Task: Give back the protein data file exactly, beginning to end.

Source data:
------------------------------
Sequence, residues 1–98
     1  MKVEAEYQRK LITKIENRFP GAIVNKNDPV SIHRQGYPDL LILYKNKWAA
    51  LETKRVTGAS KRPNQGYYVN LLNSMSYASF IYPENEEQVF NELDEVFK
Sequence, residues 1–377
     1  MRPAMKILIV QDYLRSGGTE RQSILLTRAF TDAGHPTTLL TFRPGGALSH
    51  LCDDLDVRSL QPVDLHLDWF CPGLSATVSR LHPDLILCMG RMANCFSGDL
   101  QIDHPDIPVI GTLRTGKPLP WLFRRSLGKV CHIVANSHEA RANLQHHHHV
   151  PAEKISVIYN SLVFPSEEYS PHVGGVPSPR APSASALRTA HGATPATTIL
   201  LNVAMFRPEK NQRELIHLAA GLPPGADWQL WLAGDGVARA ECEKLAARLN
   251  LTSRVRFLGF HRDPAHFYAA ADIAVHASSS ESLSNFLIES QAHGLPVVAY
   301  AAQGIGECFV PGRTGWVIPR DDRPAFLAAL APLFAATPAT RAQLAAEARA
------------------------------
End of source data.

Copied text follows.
Sequence, residues 1–98
     1  MKVEAEYQRK LITKIENRFP GAIVNKNDPV SIHRQGYPDL LILYKNKWAA
    51  LETKRVTGAS KRPNQGYYVN LLNSMSYASF IYPENEEQVF NELDEVFK
Sequence, residues 1–377
     1  MRPAMKILIV QDYLRSGGTE RQSILLTRAF TDAGHPTTLL TFRPGGALSH
    51  LCDDLDVRSL QPVDLHLDWF CPGLSATVSR LHPDLILCMG RMANCFSGDL
   101  QIDHPDIPVI GTLRTGKPLP WLFRRSLGKV CHIVANSHEA RANLQHHHHV
   151  PAEKISVIYN SLVFPSEEYS PHVGGVPSPR APSASALRTA HGATPATTIL
   201  LNVAMFRPEK NQRELIHLAA GLPPGADWQL WLAGDGVARA ECEKLAARLN
   251  LTSRVRFLGF HRDPAHFYAA ADIAVHASSS ESLSNFLIES QAHGLPVVAY
   301  AAQGIGECFV PGRTGWVIPR DDRPAFLAAL APLFAATPAT RAQLAAEARA